Countering the NRA’s powerful lobbying machine won’t be easy. But they seem compelled to try.
“Many of us feel that Newtown changed everything,” Councilwoman Rebecca Feldman said Thursday at the initial gathering of the Morristown Committee Against Gun Violence. “Like if that didn’t do it, what will?”
About 40 people came to the Morristown & Township Library to brainstorm about how to prod area legislators to support President Obama’s proposed gun control measures, in the aftermath of last month’s massacre of 26 children and teachers at the Sandy Hook Elementary School in Newtown, CT.
For two hours, residents of Morristown and Morris Township debated how to crystallize their message, garner attention and get in the faces of lawmakers. They even kicked around snappier names for their fledgling group, which was pulled together with online tools from MoveOn.org. Similar meetings were convened across the country.
Participants in Morristown heard a recorded message from the mother of a victim of the 2007 Virginia Tech massacre, imploring them to press for a ban on assault weapons and more stringent background checks for gun purchasers.
POLICE CHIEF: LEARN TO FLEE
Weapons bans won’t be enough, however. Not according to Morristown Police Chief Pete Demnitz, who has been studying mass shootings since the 1999 Columbine High School massacre in Colorado.
People must hone their survival skills, he told the group. That means knowing all the exits, sizing up the threat, and considering your options.
“Ninety-nine percent of the time, it should be: Flee,” said the police chief.
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He estimated that 40 percent of town residents own licensed guns. Yet he was incredulous that gun owners–unlike motorists–are not required to take any training or tests. They simply must pass a background check.
The Chief endorses assigning “resource officers” to schools, praising an officer he assigned to Morristown High School in September as someone students trust. But he acknowledged it’s costly to staff every school with police.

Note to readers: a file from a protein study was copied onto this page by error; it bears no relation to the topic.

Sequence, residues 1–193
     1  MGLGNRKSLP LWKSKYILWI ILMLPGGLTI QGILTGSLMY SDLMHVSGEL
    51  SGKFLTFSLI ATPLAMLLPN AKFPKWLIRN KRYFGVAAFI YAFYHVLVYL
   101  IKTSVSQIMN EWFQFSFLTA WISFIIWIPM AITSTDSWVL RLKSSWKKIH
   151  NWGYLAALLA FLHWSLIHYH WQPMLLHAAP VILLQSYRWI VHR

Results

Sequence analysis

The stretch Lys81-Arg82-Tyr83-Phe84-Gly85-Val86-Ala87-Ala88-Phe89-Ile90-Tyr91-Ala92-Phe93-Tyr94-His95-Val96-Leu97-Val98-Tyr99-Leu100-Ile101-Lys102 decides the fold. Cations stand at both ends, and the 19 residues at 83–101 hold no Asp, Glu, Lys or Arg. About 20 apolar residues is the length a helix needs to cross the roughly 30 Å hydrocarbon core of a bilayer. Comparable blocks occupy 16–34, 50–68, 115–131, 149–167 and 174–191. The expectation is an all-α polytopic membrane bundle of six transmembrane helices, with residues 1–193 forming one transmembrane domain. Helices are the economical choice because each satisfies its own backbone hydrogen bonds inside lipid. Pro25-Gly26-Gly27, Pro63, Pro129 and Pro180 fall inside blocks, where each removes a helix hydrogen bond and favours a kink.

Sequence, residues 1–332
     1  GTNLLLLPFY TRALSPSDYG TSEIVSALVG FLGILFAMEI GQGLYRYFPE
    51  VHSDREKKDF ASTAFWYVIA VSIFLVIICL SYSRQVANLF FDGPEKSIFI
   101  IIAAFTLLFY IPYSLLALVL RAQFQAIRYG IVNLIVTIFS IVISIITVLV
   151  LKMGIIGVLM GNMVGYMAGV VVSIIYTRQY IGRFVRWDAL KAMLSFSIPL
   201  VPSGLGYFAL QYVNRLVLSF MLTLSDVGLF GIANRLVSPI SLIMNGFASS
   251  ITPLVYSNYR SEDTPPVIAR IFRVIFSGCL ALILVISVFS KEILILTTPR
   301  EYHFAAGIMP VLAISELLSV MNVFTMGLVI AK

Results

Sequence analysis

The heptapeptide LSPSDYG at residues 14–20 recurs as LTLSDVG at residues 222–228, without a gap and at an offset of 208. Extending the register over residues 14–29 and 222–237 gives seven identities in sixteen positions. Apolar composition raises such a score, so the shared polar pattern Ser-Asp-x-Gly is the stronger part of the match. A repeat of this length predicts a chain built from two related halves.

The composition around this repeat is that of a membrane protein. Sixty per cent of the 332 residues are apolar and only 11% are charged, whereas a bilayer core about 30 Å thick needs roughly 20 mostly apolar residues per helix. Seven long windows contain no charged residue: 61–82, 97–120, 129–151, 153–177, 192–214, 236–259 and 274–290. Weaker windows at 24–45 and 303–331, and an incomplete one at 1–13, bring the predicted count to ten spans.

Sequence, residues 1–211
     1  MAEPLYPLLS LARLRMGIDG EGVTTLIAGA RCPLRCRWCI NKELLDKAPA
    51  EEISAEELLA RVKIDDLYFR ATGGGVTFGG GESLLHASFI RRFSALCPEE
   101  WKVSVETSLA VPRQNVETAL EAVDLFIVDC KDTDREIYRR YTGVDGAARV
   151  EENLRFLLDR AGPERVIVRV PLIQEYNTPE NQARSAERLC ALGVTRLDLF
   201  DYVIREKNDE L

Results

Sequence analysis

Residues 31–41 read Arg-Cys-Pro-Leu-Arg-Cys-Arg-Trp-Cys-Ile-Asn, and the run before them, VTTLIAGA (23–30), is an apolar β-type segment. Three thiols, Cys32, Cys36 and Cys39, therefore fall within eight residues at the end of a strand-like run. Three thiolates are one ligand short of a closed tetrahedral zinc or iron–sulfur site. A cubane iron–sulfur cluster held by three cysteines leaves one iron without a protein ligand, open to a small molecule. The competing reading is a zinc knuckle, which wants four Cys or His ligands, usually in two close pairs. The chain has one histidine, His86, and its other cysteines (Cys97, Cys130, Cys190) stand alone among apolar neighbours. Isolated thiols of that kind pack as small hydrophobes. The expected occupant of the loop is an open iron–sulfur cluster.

President Obama’s proposals include incentives for schools to hire such officers, along with requests for Congress to fund programs for training school officials to respond to active shootings, and to prepare emergency response plans at schools.
Survival training for kids should become a priority of the local committee, said Pastor Sidney Williams Jr. of Morristown’s Bethel A.M.E. Church.
“In inner cities, kids know what to do when they hear shots ringing,” the minister said. “In communities like this, you don’t expect it, you don’t think about it.”
MOM: ‘LIKE THE HOLOCAUST’
Nancy Bangiola, president of the Morris School District board and the library board, agreed to help with future organizing efforts. She was acting both as a concerned mom, and a school board member, she said.
“I can’t not be involved. I have a sense of how to mobilize people, and a sense that people want to make a statement and effect change,” Nancy said. She added that she knows every principal and teacher in the district, “and I know the lengths they would go to to protect children in their care. We just need to bring some rational voices to this, and good things will happen.”
Strong emotions filled the room.
Morristown resident Art Klein, still shaken by Newtown, stood up and declared: “Every time this happens, I cry. I don’t want to cry anymore. I’ve had it.”
“It can never happen again. Like the Holocaust, enough is enough,” said Dorothy Ann Frank, a mother of two.
ORGANIZER: ‘KIDS ARE GETTING KILLED’
Newtown “felt like the last straw” to Pam Hasegawa, who co-organized the Morristown event with Rebecca Feldman.
“This isn’t going to get fixed by people moaning and groaning about the issues and all the parenthetical stuff. It’s about taking action to prevent more gun violence. It’s got to be a strong, mobilized, galvanized voice,” she said.
Over the years, Pam has lobbied for the rights of adopted to children to learn about their birth parents, pressed for more field trips for town school kids, and promoted sustainable farming in Asia and Africa.
Rebecca Feldman told the gathering that she hoped the movement would “build a network of thousands and thousands” of people swiftly, before the Newtown horror recedes from the public consciousness.
“This is really about political action. It’s all about votes. It’s totally grassroots,” she said
Rebecca knows something about that; she has pushed to get playgrounds built, deny raises to a prior mayor and pass a referendum for an anti-pay-to-play law. All of that seems secondary now, she said.
“When Newtown happened, I thought, what the hell have I been doing for 10 years? Kids are getting killed.”